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The US Central Command’s Twitter and YouTube accounts have been suspended after being hacked by a group claiming to back Islamic State.
One message on Centcom’s Twitter feed said: “American soldiers, we are coming, watch your back.”
It was signed by ISIS, another name for the Islamic State. Some internal military documents also appeared on the Centcom Twitter feed.
Centcom said it viewed the breach as “cyber-vandalism” and not serious.
In a statement, the military command said there was no operational impact and no classified information was posted.
“We are viewing this purely as a case of cyber-vandalism,” it said.
The hack happened as President Barack Obama was giving a speech on cyber-security.
Reflecting on major breaches like a recent hack of Sony Pictures, President Barack Obama said in his speech the US had been reminded of “enormous vulnerabilities for us as a nation and for our economy”.
Barack Obama’s spokesman Josh Earnest said the US is looking into the Centcom hacking.
He said they were investigating the extent of the incident, and that there was a significant difference between a large data breach and the hacking of a Twitter account.
An unnamed Pentagon official told Reuters the hacking was an embarrassment but did not appear to be a security threat.
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The NYC premiere of The Interview movie, a comedy about the assassination of North Korean leader Kim Jong-un, has been cancelled amid threats from hackers.
A spokesman for the cinema chain due to host the screening said it had been shelved.
Hackers targeting Sony Pictures had threatened to attack US cinemas showing the studio’s film.
They belong to the same group which has released emails and data stolen from Sony.
Calling themselves Guardians of Peace, the hackers mentioned the 9/11 attacks in a recent warning, claiming “the world will be full of fear”.
“Remember the 11th of September 2001. We recommend you to keep yourself distant from the places at that time,” the hacker group wrote in a message on .
“If your house is nearby, you’d better leave,” they add.
“Whatever comes in the coming days is called by the greed of Sony Pictures Entertainment.”
A spokesman for Landmark, the cinema chain due to host the New York premiere, confirmed the showing had been cancelled but gave no reason, Reuters news agency reported.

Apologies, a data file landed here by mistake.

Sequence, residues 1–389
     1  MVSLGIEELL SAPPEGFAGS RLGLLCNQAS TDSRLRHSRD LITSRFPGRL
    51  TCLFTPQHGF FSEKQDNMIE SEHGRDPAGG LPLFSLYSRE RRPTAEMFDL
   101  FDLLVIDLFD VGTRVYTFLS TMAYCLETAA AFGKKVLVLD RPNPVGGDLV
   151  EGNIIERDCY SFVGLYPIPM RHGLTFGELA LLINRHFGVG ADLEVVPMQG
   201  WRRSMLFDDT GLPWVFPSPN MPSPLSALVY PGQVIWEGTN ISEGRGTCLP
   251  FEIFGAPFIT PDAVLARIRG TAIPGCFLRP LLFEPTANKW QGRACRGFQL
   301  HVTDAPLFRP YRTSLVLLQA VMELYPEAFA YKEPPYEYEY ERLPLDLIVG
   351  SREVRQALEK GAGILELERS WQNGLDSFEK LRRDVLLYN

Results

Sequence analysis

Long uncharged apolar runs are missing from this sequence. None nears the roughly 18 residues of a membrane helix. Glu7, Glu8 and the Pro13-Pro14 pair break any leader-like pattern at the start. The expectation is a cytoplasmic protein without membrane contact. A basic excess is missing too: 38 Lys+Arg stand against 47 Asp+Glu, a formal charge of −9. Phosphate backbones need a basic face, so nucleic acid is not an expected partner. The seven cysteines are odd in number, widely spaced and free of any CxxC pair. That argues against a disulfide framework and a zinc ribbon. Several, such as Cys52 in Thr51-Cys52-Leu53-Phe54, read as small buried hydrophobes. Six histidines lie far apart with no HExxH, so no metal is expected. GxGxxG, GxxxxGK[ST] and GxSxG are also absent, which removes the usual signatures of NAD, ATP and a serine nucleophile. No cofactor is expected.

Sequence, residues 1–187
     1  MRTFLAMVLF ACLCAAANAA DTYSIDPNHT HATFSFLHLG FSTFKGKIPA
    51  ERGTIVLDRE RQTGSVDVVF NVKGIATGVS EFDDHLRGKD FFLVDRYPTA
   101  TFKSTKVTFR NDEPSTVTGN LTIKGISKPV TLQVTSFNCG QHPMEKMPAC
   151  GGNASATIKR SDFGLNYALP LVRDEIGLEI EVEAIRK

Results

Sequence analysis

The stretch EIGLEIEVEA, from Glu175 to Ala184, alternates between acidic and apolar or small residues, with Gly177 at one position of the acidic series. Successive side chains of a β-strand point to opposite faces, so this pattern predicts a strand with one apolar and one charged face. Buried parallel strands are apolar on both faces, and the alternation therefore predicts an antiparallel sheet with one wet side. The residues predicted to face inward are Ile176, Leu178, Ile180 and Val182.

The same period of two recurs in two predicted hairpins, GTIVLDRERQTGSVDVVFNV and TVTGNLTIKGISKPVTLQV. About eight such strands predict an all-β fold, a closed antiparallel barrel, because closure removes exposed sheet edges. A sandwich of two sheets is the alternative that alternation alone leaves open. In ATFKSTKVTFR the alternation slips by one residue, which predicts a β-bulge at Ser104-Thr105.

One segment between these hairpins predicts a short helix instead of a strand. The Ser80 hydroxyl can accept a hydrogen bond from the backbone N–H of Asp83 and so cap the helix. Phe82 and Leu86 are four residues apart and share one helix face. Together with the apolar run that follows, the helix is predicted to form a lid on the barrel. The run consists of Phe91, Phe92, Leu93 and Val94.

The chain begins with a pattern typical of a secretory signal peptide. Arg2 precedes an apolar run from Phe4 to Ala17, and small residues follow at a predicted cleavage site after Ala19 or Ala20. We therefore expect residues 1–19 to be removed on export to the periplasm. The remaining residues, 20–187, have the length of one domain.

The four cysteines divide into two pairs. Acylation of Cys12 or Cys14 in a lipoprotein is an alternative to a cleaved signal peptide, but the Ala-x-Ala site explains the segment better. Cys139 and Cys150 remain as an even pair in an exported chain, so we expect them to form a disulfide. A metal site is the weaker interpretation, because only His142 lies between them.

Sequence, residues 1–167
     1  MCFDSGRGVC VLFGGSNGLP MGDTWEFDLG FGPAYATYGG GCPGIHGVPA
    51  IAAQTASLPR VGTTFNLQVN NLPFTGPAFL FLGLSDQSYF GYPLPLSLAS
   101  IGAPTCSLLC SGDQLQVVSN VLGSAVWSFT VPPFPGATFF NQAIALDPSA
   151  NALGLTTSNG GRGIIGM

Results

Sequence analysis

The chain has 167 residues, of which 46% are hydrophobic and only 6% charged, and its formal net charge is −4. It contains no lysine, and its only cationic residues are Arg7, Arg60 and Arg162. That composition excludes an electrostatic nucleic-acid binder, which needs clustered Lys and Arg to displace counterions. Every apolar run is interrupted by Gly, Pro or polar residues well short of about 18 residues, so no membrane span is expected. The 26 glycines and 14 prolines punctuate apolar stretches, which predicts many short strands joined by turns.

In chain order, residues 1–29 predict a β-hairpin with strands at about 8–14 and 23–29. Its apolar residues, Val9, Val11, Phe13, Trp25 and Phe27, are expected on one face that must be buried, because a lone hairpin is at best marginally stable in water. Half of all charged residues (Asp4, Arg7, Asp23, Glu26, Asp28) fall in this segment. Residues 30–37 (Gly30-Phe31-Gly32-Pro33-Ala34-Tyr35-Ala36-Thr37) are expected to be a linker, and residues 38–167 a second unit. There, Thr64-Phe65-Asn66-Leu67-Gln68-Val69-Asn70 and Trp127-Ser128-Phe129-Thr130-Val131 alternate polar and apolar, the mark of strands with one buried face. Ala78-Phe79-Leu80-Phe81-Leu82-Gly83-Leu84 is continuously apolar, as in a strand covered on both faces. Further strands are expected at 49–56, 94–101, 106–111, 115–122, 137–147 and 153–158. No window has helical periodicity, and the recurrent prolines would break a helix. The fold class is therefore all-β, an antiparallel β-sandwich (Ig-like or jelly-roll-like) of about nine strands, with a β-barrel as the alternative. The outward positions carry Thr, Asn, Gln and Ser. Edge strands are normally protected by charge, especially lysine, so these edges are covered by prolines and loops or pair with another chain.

Executives from Sony had previously said they would not object if cinemas chose not to show The Interview.
Carmike Cinemas, which operates 278 venues across the US, has cancelled planned screenings, according to several news outlets.
The company has not yet commented publicly on the reports.
Guardians of Peace have also released a new trove of Sony company data, calling it a “Christmas gift”.
A cache of company emails, social security numbers and salary details had already been released.
On December 16, two former Sony Pictures employees sued the California company for not providing adequate security to prevent the computer breach.
The studio earlier attempted to limit the damage by contacting some news outlets to block the publication of the emails.
North Korea has denied involvement in the attack, but has described it as a “righteous deed” that may have been carried out by its “supporters and sympathizers”.
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In an attempt to limit the damage caused by the hacking of its internal computer system last month, Sony Pictures’ legal team has reportedly contacted some news outlets.
The studio, its letter informed them, “does not consent to your possession… dissemination, publication… or making any use of the stolen information”.
Script details, salary data and private email correspondence have been leaked in the wake of the huge cyber attack.
A group calling itself Guardians of Peace has claimed responsibility.
It is believed that the attack was triggered by Sony’s new film The Interview, a comedy that features a plot to assassinate North Korea’s leader Kim Jong-un.
North Korea has denied being involved in the attack, but has described it as a “righteous deed” that may have been carried out by its “supporters and sympathizers”.
Variety, the New York Times and the Hollywood Reporter are among the publications understood to have been contacted by Sony’s legal team.
A New York Times spokeswoman said its coverage would “take into account both the significance of the news and the questions of how the information emerged”.
Some of the emails released have contained embarrassing exchanges about some of Hollywood’s biggest stars, among them Angelina Jolie and Leonardo DiCaprio.
The producers of the new James Bond film Spectre have also confirmed that an early version of its script was stolen and “illegally made public by hackers”.